Yahoo! Cricket – Nothing about Shivnarine Chanderpaul’s bizarre stance and dour run-gathering style suggests he should have succeeded at the Test level. But here he is, touching 9,000 Test runs and punishing old foes like there’s no tomorrow.
The veteran left-hander completed his seventh Test hundred against India, bringing respectability to West Indies after their poor start to the series starter at the Feroz Shah Kotla Stadium.
He was helped ably by the 18-year-old opener Kraigg Brathwaite who defied India for over two sessions in making a watchful 62.
That the Kotla wicket was slow as a snail became evident in the first over when deliveries banged into the middle by Ishant Sharma and debutant Umesh Yadav went to MS Dhoni on the volley. Not surprisingly, the other debutant Ravichandran Ashwin and Pragyan Ojha did the bulk of the bowling and took all five wickets.
BRAITHWAITE DEFIES ODDS
Two years ago, the 16-year-old Brathwaite scored a double hundred in a domestic game. He described his effort as thus: “You’ve got to concentrate, put all your faith and truth in god, and then just do what you do, just bat and bat.”
That’s what he did yesterday: bat, bat and bat — getting fully forward to the spinners, playing with his bat and offering the full face. He’s something of a child prodigy and became the first West Indian in over 70 years to score two Test fifties while aged 18. He could be the ice to Chris Gayle’s fire, whenever he’s back.
The youngster added 108 with Chanderpaul after they’d been begun poorly, losing Kieron Powell and Kirk Edwards to Ojha in the first session, and Darren Bravo to Ashwin immediately after the break.
Brathwaite’s settling down allowed Chanderpaul to accelerate after their slow start. The senior guy pressed past fifty off 77 balls and a hundred off 144. He has been a thorn in India’s side and would prove difficult to dislodge for their inexperienced bowlers.
Chanderpaul said the wicket here was like the flat ones in Guyana where nothing happens for the pacers and he could play his natural game.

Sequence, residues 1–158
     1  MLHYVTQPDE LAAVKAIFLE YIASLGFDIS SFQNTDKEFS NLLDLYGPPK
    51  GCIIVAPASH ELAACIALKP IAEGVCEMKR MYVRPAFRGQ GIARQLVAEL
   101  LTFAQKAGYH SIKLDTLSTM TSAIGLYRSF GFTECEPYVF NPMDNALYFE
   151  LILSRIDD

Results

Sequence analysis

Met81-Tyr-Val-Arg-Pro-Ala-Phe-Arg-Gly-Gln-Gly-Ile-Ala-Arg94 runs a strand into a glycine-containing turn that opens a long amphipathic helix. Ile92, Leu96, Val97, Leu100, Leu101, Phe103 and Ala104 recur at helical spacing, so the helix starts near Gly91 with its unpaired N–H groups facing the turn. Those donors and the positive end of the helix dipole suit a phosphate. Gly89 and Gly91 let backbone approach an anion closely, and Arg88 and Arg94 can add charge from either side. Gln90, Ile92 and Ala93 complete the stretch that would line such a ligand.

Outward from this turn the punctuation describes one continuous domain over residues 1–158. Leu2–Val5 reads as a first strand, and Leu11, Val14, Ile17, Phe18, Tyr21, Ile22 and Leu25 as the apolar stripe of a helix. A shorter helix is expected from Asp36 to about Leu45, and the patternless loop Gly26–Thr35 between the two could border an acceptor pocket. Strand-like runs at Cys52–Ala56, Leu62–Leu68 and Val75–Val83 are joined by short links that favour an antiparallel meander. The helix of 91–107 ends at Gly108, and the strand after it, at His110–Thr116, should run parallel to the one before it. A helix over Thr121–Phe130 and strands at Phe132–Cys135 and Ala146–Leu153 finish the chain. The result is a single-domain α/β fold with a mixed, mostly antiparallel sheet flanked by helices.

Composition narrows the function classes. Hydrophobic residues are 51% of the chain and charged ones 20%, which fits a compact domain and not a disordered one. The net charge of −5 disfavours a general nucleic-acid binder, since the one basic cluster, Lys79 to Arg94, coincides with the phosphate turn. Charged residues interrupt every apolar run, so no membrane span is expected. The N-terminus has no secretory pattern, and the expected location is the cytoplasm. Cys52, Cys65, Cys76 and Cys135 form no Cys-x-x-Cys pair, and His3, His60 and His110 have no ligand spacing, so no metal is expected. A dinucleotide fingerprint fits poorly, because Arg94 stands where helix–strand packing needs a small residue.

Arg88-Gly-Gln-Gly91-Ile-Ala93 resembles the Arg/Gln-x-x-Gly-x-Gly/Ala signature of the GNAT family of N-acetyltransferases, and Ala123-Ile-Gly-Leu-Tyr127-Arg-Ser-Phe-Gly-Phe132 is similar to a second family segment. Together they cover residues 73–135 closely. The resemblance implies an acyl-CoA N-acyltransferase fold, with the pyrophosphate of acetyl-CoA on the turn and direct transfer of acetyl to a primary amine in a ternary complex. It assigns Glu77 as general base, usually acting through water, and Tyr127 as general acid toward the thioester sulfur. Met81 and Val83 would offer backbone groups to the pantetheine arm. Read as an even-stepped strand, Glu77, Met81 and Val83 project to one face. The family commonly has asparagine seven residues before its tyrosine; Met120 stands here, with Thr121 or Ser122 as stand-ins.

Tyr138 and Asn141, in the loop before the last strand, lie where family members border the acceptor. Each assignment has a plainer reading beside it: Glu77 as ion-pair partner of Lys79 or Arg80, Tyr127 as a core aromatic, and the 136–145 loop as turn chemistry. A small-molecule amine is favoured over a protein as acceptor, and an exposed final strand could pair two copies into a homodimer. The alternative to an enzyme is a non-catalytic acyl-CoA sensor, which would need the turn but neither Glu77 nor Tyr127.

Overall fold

OJHA, ASHWIN AMONG WICKETS
Ojha has been in good form, having had a short, successful stint with Surrey for whom he took 24 wickets in four games. He then followed that up with nine wickets in the Irani Trophy.
Ojha nearly began with a wicket in his first over when he put down Kieron Powell off his own bowling. Next over, he had his man LBW.
He’s one of the most economical spinners in world cricket, getting into his rhythm quickly. Operating from around the wicket to the right-handers, Ojha bowled at a steady pace and got sharp turn.
Kirk Edwards was tentative with his footwork and struggling to read the orthodox breaks mixed with the straight balls. The runs dried up and he eventually hit a return catch to Ojha.
Immediately after the break, Bravo played back to cut Ashwin. The ball stayed low, went with the angle and crashed into middle stump.
The other debutant, Umesh bowled too short and rarely troubled the batsmen despite getting some reverse swing. Testing the middle of a slow wicket would prove futile. He was wayward with the second new ball, allowing Chanderpaul to hasten their scoring rate late in the day.
Ishant bowled full and straight. He had a couple of LBW shouts and some edges falling short of the slip cordon. On a luckier day, he would have picked up a couple of wickets.
Scores: West Indies 256 for 5 (Chanderpaul 111*, Brathwaite 63, Ojha 3-58) v India.
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